I swore it would never happen, but it did. I noticed it one sweltering August afternoon in 2001. I opened my mouth and ... out came my mother's voice! I was saying all the things I'd long ago sworn never to repeat. I HAD BECOME MY MOTHER!

I really can't be blamed, though. Can I help it that I've lived long enough to acquire more wisdom than the average woman? And along with all that wisdom an irresistible urge has come to share it — with everyone — all the time!

I'm not surprised that I'm the wisest woman I know. Just think about it. I've experienced things that today's kids know about only through textbooks. I watched the Beatles' first performance on The Ed Sullivan Show. I owned one of the first hoola hoops — though I don't recall ever mastering the use of it — and it even fit around my waist back then. I learned to read with Dick and Jane and I nearly flunked third grade when "new math" was introduced. I watched Bonanza before it became reruns. I experienced the thrill of replacing our black and white television with color and the anxiety of seeing a brother leave for Viet Nam. I lived through the turmoil of the civil rights movement and witnessed the assassination of John Kennedy on television. I saw hippies putting flowers in their hair and protesting the war, females burning their bras for women's liberation, and black children entering white schools to end segregation. I'm a veritable walking encyclopedia and a living history book, for Pete's sake.

So why SHOULDN'T everyone listen to me? My brain is a storehouse of vast knowledge. Unfortunately, I'm the only one who realizes this, except for my dog, King Louie, who idolizes me.

Do you know how difficult it is to bite my tongue when I see so many unfortunate souls making the same mistakes I've made? The impulse to teach others what I've had to learn firsthand is as hard to resist as a super fudge chocolate swirl ice cream sundae with brownie bits and extra hot fudge.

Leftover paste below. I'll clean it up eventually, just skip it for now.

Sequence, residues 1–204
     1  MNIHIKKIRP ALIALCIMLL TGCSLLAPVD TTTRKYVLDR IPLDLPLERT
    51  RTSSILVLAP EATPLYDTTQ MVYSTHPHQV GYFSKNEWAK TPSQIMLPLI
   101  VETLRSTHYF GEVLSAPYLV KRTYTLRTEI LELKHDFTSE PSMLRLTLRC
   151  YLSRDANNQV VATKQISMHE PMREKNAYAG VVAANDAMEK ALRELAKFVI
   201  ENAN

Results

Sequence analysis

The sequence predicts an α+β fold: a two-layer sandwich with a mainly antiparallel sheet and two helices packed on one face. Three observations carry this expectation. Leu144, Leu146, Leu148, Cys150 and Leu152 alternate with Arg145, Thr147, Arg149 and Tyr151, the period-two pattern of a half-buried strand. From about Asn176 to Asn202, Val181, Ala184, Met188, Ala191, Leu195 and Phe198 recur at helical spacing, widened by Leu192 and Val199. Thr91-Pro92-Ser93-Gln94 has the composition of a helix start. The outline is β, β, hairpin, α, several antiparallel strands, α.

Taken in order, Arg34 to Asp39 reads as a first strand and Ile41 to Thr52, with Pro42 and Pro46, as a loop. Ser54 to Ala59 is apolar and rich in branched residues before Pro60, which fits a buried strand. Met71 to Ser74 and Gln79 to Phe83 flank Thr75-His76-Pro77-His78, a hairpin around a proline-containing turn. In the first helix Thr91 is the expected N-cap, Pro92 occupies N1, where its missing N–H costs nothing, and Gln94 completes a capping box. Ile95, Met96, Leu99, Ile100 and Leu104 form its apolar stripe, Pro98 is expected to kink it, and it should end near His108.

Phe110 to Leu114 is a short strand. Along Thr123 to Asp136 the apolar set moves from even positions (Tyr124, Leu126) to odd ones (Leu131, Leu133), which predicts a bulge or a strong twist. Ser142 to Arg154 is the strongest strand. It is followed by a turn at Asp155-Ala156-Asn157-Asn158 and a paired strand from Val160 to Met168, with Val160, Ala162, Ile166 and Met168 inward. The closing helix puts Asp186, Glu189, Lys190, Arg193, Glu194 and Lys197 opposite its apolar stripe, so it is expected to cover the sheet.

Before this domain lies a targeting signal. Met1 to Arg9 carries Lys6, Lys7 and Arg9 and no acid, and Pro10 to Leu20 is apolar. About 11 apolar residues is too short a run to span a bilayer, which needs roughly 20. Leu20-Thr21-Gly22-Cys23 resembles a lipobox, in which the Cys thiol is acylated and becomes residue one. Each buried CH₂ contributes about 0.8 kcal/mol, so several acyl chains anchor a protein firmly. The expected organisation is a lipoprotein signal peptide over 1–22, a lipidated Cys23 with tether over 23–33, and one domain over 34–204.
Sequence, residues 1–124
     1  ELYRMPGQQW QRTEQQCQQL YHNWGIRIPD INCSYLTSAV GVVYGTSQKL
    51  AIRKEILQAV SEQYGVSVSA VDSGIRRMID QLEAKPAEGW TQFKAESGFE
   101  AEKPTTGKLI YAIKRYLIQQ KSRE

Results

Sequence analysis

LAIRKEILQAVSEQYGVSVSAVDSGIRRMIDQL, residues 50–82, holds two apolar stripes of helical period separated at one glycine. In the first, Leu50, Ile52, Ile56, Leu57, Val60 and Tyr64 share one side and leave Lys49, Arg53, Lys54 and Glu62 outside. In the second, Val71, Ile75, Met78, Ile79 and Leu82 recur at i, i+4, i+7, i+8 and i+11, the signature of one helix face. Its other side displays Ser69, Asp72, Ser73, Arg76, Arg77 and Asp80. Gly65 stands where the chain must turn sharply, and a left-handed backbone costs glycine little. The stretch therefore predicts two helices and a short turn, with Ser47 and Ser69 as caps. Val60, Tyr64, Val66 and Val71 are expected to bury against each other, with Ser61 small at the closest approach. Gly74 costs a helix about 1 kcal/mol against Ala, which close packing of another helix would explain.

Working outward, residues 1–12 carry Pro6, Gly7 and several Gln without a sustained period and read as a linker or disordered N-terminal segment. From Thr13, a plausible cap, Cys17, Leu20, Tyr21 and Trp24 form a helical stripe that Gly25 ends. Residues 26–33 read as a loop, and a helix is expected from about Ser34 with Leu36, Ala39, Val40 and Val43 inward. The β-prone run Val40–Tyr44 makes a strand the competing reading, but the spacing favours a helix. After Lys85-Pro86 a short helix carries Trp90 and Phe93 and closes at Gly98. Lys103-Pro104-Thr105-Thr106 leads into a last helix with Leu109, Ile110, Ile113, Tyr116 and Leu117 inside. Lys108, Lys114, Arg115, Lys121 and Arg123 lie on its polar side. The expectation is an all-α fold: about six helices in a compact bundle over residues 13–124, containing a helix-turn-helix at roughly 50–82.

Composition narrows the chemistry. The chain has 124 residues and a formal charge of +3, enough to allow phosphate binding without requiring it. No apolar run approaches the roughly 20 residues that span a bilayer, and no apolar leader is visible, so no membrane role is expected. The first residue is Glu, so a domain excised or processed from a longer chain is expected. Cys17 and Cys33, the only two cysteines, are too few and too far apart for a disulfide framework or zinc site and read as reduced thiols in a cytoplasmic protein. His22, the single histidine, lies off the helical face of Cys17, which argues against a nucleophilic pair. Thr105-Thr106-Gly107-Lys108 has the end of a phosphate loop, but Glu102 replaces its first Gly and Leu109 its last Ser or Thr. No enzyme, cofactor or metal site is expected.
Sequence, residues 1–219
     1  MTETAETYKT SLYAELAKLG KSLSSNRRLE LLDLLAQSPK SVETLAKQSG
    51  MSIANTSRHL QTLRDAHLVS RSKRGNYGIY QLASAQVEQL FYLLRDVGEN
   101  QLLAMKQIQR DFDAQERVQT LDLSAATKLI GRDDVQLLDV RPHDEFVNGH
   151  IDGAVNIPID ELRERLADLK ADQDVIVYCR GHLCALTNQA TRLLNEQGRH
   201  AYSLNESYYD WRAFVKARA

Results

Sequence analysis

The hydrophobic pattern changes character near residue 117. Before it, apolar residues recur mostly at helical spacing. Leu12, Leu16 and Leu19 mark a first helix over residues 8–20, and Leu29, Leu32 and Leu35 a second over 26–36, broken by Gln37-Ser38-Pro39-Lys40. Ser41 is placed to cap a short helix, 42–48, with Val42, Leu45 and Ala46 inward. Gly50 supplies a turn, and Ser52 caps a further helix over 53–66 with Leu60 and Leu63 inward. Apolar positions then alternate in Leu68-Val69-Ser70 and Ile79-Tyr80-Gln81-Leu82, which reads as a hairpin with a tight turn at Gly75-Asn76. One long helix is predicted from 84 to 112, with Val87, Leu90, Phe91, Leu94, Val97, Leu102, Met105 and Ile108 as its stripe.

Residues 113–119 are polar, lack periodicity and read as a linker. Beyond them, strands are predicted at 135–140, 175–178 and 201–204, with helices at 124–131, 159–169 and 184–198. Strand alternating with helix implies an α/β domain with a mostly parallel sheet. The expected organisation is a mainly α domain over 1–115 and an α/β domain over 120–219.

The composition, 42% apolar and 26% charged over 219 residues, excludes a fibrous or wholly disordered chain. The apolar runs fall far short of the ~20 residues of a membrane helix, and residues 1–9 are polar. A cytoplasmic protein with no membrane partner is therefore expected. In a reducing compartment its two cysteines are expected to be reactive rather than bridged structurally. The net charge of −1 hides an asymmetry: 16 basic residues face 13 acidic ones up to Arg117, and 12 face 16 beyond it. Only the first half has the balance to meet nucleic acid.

No wonder I was voted Know-it-all of the year by Buttinskies Anonymous. But, alas, people don't seem as eager to learn as I am eager to teach them. In fact, have you noticed how people are not receptive at all to unsolicited advice?

So why SHOULDN'T everyone listen to me?
After thousands of well-intentioned attempts to spread my wisdom to the masses, it occurred to me that when someone shares his or her problems, they're not asking for my advice. They need someone to listen as they vent and to acknowledge their pain as they share their hurt. They're not looking for someone to enumerate a detailed list of solutions. People don't care how much you know. They want to know how much you care.

So, here is a bit of advice from one of the world's wisest women: "Rejoice with those who rejoice, and weep with those who weep." Actually, I can't take credit for that bit of wisdom. It comes from the Bible (Romans 12:15 NKJV). This passage reminds me to just "be there" for others, rather than trying to solve their problems. A warm touch means more to a hurting person than a list of recommendations. My friends don't need a mother; they need a friend who listens while they talk, holds their hand when they're afraid, and hugs them when they cry.

Do you know someone who could use a friend and a hug today?